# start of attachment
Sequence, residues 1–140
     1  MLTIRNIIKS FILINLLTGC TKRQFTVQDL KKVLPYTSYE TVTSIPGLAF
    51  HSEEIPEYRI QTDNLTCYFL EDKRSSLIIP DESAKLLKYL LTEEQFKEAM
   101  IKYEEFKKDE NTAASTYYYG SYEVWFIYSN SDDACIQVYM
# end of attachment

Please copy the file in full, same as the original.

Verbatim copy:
Sequence, residues 1–140
     1  MLTIRNIIKS FILINLLTGC TKRQFTVQDL KKVLPYTSYE TVTSIPGLAF
    51  HSEEIPEYRI QTDNLTCYFL EDKRSSLIIP DESAKLLKYL LTEEQFKEAM
   101  IKYEEFKKDE NTAASTYYYG SYEVWFIYSN SDDACIQVYM